Crops For Early Spring

The temperature is hovering around 45 degrees, and vestiges of winter’s north winds are in the air.  It’s a great time to be out in the garden!

There are several vegetables able to thrive in early spring. Beets, peas, lettuce, cabbage and spinach taste better when grown in cool weather, either early spring or fall. After a long winter’s hibernation, it’s gratifying to have an excuse to dig in the dirt.  And that first dish of asparagus topped with stir-fried snowpeas makes braving that chill worth the effort.

Two key elements in achieving a successful spring garden are soil preparation and seed germination. I have always tried to pregerminate my seed, either in plug trays, peat pots, or by sandwiching between two moist paper towels in a warm area. Lettuce, spinach and cabbage or cauliflower seedlings transplant easily from plug trays directly to soil. Peas can be started in peat strips, and the entire strip placed in a furrow after the pea plants have their true leaves. Beets don’t appreciate transplanting, so these can be germinated on paper towels, and the rooted seeds placed gently into holes created with a small dibble or a pencil. Doing this ensures adequate seed germination, and also eliminates the need to thin plants.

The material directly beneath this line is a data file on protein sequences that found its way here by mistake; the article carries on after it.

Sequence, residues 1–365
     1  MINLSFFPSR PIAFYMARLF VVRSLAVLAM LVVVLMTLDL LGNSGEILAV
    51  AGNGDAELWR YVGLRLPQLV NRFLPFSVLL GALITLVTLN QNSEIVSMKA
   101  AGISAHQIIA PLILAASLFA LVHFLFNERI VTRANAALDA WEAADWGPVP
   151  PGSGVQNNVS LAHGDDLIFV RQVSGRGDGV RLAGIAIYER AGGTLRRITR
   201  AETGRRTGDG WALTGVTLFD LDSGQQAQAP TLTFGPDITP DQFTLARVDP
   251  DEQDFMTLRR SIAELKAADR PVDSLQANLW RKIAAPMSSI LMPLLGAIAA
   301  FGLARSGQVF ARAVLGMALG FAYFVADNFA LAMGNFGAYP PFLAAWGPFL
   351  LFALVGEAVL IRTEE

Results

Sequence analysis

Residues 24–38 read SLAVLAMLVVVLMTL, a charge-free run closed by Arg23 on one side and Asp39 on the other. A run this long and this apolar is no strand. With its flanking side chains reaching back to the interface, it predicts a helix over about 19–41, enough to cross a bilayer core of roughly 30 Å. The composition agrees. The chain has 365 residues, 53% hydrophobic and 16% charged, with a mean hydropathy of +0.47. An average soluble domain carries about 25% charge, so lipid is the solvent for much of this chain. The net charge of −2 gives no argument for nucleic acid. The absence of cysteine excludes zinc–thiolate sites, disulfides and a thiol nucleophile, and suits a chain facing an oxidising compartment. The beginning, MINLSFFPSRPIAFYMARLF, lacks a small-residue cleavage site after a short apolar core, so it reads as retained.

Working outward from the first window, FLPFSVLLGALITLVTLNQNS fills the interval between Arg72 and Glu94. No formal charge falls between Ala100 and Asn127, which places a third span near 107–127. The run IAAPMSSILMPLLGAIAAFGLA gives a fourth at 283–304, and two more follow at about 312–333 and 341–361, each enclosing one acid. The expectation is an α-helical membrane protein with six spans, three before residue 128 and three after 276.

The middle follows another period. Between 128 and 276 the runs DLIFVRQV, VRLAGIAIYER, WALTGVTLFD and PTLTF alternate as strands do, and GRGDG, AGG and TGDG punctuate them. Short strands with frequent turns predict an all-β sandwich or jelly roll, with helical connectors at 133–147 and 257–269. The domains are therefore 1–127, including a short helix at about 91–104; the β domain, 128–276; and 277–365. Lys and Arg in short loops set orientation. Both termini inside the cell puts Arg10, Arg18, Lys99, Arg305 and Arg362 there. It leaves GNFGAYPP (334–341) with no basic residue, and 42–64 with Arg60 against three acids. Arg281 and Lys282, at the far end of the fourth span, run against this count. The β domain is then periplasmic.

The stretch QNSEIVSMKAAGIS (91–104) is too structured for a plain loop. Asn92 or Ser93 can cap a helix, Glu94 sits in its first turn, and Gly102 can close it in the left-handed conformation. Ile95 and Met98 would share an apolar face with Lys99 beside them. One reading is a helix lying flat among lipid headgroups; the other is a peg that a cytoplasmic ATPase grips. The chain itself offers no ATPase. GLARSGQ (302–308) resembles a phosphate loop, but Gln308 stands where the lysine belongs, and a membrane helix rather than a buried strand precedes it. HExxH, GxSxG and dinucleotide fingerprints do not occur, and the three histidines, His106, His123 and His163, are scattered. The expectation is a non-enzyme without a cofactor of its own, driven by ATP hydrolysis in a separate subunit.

Choose a day when it’s relatively warm, sunny and the soil is dry to prepare your soil. Wet soils will compact with tillage, and the end result is a hard lump that can strangle the tender roots of your seedlings. Dig in adequate amounts of compost and / or dry fertilizer, and allow these to settle in for a day or so before placing seedlings in the furrows.

Most of these plants can withstand light frosts, but if there is a threat of a hard freeze or snow, find a way to protect your seedlings. Last year, I had to put a plastic tunnel over my spinach, which survived an 8” snowfall and went on to produce several salad bowls full of leaves. Row covers, tarps, even newspaper “caps” can be used to protect young plants from any harsh winter conditions that blow in. Just remember to remove the protection as soon as the threat is over – you don’t want to give your plants a plastic-induced “hotfoot.”

Vegetable gardens don’t have to be one-season events. Enjoy the cool weather while it lasts, and work in some tasty spring greens beside your daffodils.

Pat Mulford •